The Soothing Pain of Rejection

This past weekend on the reNEW writer’s retreat, I had hoped to tell everyone that my novel was finished and it was in the hands of a literary agent. However, two weeks before the retreat, I read a book called Plot and Structure by James Scott Bell that made me reconsider my whole plot. After talking with some friends, I realized that the only change that really needs to take place is the setting, but I still had a bend in my pride when I had to tell a literary agent I met that I wasn’t ready to send it in yet.

I’ve submitted my book to six literary agents. I know that the Christian fiction market is not doing too well, but I have a passion to help people see a relatable character through fiction to help them overcome their anxiety, find their purpose in life, and walk in their identity with Christ. I actually have three novel ideas that each branch from these topics. However, each time I receive a rejection from a literary agent, I wonder if God’s plan for me is to write this novel, or if it’s just my own dream.

Each time I submitted my book to another literary agent through e-mail, I prayed that God would lead me to the right literary agent, and that even if it didn’t work out, that the agent would have just enough spare time to tell me why he/she did not accept my proposal. Literary agents are typically very busy, so to expect a response from an agent is a tall order. However, as a writer trying to publish her first book, I need all the advice I can get. Of the six times I submitted my book, I heard back from two. The first one that rejected my manuscript has a blog that I follow, which has helped me tremendously as a writer.

The second agent who rejected my manuscript decided to give me some advice, which I greatly appreciated. He told me that the Christian fiction market wasn’t doing too well, so a lot of agents are steering clear of that. He also gave me advice about how to make my book better, and he encouraged me to keep attending conferences. Finally, he told me to keep pressing on, and God will lead me where He wants me to go. I am incredibly honored that this man who has very little time to spare took the time out to impart wisdom to a woman beginning her humble journey as a writer. It even looks like I got a word of blessing from him!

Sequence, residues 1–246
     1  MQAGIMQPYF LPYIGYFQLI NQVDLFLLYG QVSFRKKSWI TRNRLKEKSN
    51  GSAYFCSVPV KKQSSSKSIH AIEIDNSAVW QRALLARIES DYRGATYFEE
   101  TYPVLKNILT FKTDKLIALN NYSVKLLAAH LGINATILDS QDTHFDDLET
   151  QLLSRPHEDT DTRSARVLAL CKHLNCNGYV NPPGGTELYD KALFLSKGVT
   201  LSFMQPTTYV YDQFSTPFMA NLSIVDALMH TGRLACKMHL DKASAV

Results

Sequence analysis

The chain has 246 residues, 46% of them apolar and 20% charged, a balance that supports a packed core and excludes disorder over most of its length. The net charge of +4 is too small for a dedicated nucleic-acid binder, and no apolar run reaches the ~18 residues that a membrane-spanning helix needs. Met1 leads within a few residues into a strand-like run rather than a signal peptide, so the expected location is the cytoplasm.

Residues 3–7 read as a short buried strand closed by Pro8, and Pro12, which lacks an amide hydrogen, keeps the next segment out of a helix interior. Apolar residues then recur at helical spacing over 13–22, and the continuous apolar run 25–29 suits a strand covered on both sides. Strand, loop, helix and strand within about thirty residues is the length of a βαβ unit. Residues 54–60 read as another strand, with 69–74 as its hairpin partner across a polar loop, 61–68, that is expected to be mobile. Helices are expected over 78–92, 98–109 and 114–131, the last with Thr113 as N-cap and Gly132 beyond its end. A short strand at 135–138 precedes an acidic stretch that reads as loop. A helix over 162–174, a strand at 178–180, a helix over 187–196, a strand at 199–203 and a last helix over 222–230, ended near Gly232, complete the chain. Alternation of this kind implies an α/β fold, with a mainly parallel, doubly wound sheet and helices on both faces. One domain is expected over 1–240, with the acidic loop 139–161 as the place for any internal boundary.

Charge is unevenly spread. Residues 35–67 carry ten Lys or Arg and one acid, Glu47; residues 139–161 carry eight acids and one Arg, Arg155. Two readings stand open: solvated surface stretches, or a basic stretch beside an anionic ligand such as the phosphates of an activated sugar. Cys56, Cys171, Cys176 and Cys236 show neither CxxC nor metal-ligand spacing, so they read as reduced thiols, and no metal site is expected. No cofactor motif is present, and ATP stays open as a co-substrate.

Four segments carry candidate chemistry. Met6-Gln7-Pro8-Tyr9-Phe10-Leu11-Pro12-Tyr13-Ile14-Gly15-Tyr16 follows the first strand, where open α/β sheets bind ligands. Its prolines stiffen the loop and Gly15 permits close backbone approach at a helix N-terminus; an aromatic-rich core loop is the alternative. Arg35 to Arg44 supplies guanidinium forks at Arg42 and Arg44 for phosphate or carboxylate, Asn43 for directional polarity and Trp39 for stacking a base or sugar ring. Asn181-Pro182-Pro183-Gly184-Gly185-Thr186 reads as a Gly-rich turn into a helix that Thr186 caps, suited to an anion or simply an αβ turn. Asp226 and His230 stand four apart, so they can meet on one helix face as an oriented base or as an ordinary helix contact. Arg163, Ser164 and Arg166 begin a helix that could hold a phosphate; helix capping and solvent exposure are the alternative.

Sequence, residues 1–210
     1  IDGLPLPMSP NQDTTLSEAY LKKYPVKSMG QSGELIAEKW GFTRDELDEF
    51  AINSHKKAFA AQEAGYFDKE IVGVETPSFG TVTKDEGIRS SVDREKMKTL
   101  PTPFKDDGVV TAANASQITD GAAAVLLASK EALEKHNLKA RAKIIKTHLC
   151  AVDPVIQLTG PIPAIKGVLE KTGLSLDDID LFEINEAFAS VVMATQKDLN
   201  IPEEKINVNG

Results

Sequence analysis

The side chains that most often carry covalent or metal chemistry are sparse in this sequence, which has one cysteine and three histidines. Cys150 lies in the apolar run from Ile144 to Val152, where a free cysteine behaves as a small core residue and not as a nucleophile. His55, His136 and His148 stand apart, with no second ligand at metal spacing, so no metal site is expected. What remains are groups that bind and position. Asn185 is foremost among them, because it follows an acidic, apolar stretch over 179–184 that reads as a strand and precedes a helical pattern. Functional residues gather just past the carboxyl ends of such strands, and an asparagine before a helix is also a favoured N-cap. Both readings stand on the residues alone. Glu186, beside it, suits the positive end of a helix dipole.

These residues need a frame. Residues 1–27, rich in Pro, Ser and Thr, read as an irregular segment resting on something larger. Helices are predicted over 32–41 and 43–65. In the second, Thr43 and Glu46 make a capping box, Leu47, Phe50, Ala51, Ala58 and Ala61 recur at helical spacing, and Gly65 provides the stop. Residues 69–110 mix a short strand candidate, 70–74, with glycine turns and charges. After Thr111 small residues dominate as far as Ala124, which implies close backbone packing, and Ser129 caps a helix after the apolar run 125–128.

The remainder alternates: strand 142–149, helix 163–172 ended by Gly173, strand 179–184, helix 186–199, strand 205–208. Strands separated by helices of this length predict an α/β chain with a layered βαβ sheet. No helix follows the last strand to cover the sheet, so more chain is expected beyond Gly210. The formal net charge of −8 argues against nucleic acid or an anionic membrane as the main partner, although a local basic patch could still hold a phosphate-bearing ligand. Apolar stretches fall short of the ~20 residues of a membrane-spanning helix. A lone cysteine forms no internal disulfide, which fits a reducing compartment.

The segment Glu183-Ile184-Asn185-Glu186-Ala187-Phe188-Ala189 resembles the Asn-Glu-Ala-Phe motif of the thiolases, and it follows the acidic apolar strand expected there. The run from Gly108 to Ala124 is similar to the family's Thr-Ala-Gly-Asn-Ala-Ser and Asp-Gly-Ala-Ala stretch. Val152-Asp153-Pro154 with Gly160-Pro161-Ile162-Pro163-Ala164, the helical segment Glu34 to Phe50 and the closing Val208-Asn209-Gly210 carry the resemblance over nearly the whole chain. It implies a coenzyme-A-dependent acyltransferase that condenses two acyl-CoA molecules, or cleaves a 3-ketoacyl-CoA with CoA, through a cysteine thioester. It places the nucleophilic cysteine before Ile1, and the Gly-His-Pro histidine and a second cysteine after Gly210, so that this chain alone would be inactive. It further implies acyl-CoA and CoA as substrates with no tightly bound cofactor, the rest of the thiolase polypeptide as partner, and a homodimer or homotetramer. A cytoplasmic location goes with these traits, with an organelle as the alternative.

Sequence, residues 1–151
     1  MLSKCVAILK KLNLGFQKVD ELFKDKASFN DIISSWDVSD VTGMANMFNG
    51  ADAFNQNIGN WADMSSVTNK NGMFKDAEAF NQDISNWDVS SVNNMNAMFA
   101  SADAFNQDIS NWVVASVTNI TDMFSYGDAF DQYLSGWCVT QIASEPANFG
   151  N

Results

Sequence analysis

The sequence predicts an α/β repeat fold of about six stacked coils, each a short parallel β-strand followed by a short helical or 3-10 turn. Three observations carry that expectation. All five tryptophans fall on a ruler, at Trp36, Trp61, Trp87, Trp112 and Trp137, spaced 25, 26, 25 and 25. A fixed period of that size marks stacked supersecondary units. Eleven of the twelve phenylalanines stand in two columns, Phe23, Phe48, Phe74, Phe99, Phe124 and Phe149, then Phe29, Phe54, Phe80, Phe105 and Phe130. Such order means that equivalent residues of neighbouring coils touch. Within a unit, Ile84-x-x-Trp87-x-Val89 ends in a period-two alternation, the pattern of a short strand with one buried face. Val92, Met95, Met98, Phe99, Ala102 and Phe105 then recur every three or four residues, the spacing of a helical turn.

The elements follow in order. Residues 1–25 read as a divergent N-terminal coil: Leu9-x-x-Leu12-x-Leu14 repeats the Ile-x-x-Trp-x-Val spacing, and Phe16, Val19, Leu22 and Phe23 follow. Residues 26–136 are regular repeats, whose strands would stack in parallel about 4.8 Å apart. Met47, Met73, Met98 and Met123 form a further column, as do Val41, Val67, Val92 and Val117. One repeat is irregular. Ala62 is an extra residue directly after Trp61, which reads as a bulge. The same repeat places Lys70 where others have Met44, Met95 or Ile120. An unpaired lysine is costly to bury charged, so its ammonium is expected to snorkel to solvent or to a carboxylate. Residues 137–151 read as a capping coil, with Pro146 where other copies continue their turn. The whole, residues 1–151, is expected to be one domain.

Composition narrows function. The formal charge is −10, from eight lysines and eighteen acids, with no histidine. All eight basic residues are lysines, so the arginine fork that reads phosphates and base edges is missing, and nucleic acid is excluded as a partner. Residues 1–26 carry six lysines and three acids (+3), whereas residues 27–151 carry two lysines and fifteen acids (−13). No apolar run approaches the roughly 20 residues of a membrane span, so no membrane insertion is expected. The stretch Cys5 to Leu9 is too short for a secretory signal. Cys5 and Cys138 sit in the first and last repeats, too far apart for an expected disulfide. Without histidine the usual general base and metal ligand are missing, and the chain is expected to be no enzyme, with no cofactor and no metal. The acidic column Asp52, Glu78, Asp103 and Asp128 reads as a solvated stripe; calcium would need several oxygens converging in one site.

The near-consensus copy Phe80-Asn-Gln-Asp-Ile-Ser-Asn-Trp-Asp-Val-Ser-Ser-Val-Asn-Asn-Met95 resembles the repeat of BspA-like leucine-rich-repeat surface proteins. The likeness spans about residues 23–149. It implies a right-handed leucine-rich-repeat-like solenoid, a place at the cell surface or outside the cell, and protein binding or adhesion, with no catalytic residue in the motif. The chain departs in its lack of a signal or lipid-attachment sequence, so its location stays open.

I share my personally journey of writing a book because, when I am a bestselling author of something, I want to look back and remember where I started. I want to encourage writers who aren’t there yet to keep going. Rejection is not the end of your story. God has given you a voice; use it to glorify Him.

Success is not defined by the end product. You may look at a book and think, “Well anyone can write a book.” However, you don’t realize the blood, sweat, and tears that went into writing it. Not everyone can write a book. It takes vulnerability, dedication, and insight.

I never want to be so famous/busy that I forget about the people that I met along the way. My why is to encourage women and the stories that God has given them. I don’t care how much money I make or what places I’m able to travel to; I never want to get to a place where I ignore or automate any experience I have with a woman who is desperate to share her story with me. I want each and every person I encounter to feel encouraged and to feel loved. If I’m making millions of dollars and I live in a fancy home with beautiful flowers and I have a social media team writing my tweets for me, I’ve lost my why, and I’ve failed at my goal.

Rejection hurts, but it’s not the end of my story. Even as I was writing this blog post, I had to remind myself that the rejection was not of me, but of my book. And as my friend encouraged me last week, the book may be great, but it might not be marketable at the time. It’s literally in God’s hands.

I say to myself what I say to you if you are struggling to fulfill your dreams: Don’t give up!


Photo by Steve Johnson on Unsplash

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